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La Niña May Help Create New Flu Pandemics January 20, 2012
Birds hovering
Weather changes brought on by La Niņa may bring different birds together, where they create new strains of the influenza virus.
The La Niņa ocean-cooling phenomenon in the tropical Pacific has now been linked to global influenza pandemics.

While such outbreaks haven’t occurred in conjunction with every documented La Niña, they did precede the Spanish Flu that began in 1918, the Asian Flu of 1957, the Hong Kong influenza in 1968 and the H1N1 scare in 2009.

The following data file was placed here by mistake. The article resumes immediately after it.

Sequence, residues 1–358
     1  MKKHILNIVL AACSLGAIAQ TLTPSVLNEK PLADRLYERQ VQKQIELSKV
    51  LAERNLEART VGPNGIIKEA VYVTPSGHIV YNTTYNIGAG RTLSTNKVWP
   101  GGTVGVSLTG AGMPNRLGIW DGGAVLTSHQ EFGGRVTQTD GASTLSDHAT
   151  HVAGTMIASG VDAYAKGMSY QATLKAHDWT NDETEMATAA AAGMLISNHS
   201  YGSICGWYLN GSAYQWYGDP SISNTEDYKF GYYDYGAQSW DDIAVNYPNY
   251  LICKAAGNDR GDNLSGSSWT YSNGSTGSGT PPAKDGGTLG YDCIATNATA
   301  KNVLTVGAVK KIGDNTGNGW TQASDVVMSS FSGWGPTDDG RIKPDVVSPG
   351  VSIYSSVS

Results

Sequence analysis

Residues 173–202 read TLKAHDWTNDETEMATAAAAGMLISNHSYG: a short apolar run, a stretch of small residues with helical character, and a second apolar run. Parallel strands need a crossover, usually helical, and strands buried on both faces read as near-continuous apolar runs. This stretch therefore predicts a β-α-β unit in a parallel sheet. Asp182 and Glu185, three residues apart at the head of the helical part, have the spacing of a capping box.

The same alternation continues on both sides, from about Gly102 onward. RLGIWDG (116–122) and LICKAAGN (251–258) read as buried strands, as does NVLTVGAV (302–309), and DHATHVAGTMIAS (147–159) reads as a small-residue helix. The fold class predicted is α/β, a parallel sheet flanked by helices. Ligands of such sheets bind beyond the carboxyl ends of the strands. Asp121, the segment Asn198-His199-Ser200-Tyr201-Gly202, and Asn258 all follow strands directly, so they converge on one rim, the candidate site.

Columbia University infectious disease transmission expert Jeffrey Shaman says the reason probably lies in how La Niña affects weather patterns, which in turn change bird migration, stopover times, and fitness, as well as bringing different species together.

Those factors could cause changes in the influenza virus strains as the birds mix and mingle, resulting in new pandemic strains.

Subsequent human contact with the birds is believed to pass the virus on, setting the stage for a global pandemic.

Photo: File